0
$\begingroup$

Suppose in an infinite region of space, there is a uniform magnetic field which changes at a rate $\frac{d\phi}{dt}$. I want to find the induced electric field at a certain point so, I draw an imaginary circular loop passing through that point. Since the loop and surroundings are similar from all directions the field must be similar at all points of loop too, then from Faraday's law $$\int{\vec{E}\cdot d\vec{\ell}} = -\frac{d\phi}{dt}.$$ I will then take out $\vec{E}$ because its same for all ${\rm d}\vec{\ell}$ and integrate ${\rm d}\vec{\ell}$ which will be $2\pi r$. Now the problem is, I could've taken any loop, therefore there could've been different radii, and electric field at a point cannot assume multiple values simultaneously, so what's wrong.

I think what I'm taking out common, $|\vec{E}\,|$ is actually a component of field along tangent to the loop , but still I don't know how the produced electric fields will look like. Can someone please help with these two?

$\endgroup$
1
$\begingroup$

You are assuming there is single unique electric field to be found, determined by the assumption of uniform magnetic field changing in time.

This is not true. As you can see from the equation relating magnetic field and curl of electric field, there can be infinity of electric fields obeying the same equation. Two possible solutions differ by a vector field that has zero curl.

The electric field could be determined if some other conditions were imposed on the EM field in addition to the knowledge of magnetic field. In practice, boundary conditions are sometimes apparent. For example, one could study induced electric field near two cylindrical poles of an electromagnet opposing each other. In that case the boundary condition would be that electric and magnetic field at infinity is zero and field on the poles would have values that copy symmetry of the poles. The induced electric field would have rotational symmetry (rotation about the axis of the system), so it would have circular lines of force. With this assumption, you could then use the Faraday law to estimate strength of the electric field on any such line of force.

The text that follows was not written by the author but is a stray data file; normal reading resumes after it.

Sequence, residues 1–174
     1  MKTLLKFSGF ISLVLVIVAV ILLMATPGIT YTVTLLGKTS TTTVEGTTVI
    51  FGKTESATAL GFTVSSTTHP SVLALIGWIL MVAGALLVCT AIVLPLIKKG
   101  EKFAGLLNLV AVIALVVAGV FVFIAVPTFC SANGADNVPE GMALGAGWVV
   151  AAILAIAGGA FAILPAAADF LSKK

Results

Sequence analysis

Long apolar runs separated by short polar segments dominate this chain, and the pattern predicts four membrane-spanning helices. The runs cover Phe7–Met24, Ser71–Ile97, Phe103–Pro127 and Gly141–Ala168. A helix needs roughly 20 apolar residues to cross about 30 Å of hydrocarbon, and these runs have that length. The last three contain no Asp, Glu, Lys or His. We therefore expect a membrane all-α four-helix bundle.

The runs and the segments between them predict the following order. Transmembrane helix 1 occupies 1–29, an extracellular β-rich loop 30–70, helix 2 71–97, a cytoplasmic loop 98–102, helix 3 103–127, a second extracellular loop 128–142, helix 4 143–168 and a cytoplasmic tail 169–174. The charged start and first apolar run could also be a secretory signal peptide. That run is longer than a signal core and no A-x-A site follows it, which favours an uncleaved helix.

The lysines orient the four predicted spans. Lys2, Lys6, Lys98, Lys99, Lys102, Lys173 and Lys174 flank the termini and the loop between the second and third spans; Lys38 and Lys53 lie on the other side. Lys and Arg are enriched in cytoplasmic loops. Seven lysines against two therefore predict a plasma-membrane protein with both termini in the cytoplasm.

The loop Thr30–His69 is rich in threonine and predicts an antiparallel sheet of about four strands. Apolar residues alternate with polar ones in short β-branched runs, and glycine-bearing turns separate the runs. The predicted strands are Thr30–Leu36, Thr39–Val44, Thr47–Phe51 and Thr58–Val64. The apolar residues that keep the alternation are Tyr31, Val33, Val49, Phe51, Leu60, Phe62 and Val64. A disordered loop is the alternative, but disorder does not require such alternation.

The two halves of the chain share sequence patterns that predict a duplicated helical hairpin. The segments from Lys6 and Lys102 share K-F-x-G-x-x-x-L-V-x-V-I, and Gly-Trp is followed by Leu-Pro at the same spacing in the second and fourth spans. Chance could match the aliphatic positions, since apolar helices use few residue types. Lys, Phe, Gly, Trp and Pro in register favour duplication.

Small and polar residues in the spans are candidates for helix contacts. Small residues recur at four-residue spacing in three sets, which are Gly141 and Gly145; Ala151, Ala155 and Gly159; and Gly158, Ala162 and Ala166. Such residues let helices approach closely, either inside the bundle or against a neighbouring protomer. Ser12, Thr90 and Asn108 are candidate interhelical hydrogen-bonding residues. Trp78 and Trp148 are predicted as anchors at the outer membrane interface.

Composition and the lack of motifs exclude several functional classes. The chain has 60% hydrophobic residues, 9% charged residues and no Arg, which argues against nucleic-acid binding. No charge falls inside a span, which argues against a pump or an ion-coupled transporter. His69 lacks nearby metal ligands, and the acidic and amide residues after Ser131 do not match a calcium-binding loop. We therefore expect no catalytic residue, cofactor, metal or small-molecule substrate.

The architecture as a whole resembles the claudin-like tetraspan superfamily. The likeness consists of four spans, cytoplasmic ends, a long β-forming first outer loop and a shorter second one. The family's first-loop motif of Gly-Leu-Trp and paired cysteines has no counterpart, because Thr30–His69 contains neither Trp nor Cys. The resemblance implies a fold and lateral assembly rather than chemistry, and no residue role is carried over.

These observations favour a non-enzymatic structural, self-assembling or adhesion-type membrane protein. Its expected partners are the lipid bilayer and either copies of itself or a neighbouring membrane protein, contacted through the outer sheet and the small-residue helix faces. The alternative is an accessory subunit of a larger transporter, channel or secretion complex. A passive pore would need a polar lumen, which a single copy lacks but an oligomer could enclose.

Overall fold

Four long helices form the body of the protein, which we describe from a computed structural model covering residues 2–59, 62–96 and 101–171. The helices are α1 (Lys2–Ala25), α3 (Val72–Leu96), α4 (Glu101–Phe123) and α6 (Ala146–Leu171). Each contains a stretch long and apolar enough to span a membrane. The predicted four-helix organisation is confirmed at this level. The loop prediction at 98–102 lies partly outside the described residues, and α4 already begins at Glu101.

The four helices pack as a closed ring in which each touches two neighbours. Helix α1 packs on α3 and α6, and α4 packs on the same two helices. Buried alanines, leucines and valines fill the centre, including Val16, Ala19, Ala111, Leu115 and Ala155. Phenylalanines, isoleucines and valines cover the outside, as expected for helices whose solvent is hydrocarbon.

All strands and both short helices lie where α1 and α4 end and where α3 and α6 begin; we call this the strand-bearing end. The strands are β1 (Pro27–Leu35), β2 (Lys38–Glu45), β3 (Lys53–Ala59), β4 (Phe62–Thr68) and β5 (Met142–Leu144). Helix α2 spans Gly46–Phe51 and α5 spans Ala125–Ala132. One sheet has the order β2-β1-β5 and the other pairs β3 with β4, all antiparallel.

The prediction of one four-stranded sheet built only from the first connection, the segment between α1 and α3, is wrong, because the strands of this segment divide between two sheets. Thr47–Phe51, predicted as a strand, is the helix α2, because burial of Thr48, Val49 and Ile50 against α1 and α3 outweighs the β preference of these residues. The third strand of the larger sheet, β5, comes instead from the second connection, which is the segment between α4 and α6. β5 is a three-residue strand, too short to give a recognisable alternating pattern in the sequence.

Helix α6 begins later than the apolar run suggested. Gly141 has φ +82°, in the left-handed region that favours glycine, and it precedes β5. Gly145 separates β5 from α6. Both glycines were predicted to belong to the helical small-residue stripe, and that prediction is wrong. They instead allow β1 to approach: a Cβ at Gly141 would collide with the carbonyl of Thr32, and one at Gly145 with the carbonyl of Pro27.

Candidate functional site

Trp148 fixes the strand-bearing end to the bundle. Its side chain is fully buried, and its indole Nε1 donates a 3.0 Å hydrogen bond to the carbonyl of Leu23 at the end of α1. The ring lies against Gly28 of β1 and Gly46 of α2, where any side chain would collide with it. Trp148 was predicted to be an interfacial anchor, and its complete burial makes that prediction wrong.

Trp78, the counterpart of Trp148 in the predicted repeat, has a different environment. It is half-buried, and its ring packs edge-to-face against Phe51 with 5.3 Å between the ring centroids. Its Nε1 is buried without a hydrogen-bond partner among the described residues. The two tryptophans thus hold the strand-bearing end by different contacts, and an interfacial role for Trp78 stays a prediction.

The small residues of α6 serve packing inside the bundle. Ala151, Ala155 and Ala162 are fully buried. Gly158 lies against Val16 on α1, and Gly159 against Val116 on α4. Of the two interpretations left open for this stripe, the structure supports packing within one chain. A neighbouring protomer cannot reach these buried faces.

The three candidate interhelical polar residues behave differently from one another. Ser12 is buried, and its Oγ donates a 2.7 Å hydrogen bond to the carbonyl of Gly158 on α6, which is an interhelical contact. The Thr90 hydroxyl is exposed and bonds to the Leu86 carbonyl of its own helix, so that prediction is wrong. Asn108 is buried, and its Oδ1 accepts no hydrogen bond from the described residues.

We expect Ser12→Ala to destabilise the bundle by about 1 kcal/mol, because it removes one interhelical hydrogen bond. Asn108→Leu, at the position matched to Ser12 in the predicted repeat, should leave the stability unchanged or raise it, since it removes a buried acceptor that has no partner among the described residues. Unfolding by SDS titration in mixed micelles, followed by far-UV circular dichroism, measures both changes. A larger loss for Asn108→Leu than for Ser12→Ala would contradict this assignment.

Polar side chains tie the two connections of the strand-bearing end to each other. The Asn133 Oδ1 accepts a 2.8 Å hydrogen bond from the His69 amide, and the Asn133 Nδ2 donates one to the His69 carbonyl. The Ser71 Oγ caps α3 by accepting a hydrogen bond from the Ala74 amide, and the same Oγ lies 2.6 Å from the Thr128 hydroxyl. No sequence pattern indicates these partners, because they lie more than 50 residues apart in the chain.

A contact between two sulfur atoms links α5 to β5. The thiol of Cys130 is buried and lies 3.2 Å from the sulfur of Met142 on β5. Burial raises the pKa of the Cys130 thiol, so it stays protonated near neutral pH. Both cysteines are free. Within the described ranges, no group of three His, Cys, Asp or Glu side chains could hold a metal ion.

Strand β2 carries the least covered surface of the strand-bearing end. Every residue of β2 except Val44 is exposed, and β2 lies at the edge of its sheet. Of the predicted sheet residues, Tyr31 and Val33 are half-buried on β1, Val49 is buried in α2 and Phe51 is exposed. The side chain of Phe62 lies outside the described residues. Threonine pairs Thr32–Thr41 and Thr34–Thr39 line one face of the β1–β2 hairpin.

In simpler words, the electric field is determined by the electric charge and current distribution in the body producing the field. In the above case, it is the wires and ferrite core who create the induced electric field, so the field has kind of similar shape.

| cite | improve this answer | |
$\endgroup$
  • $\begingroup$ I used to think there could be only a unique electric field at a point , so for different loops I can have different fields ? $\endgroup$ – Aditya Prakash Jul 31 '19 at 19:26
  • $\begingroup$ In reality the field has only single value. But the original situation is underspecified, there are many ways to achieve uniform magnetic field in some region and those different ways will produce different electric field. $\endgroup$ – Ján Lalinský Jul 31 '19 at 19:28

Your Answer

By clicking “Post Your Answer”, you agree to our terms of service, privacy policy and cookie policy

Not the answer you're looking for? Browse other questions tagged or ask your own question.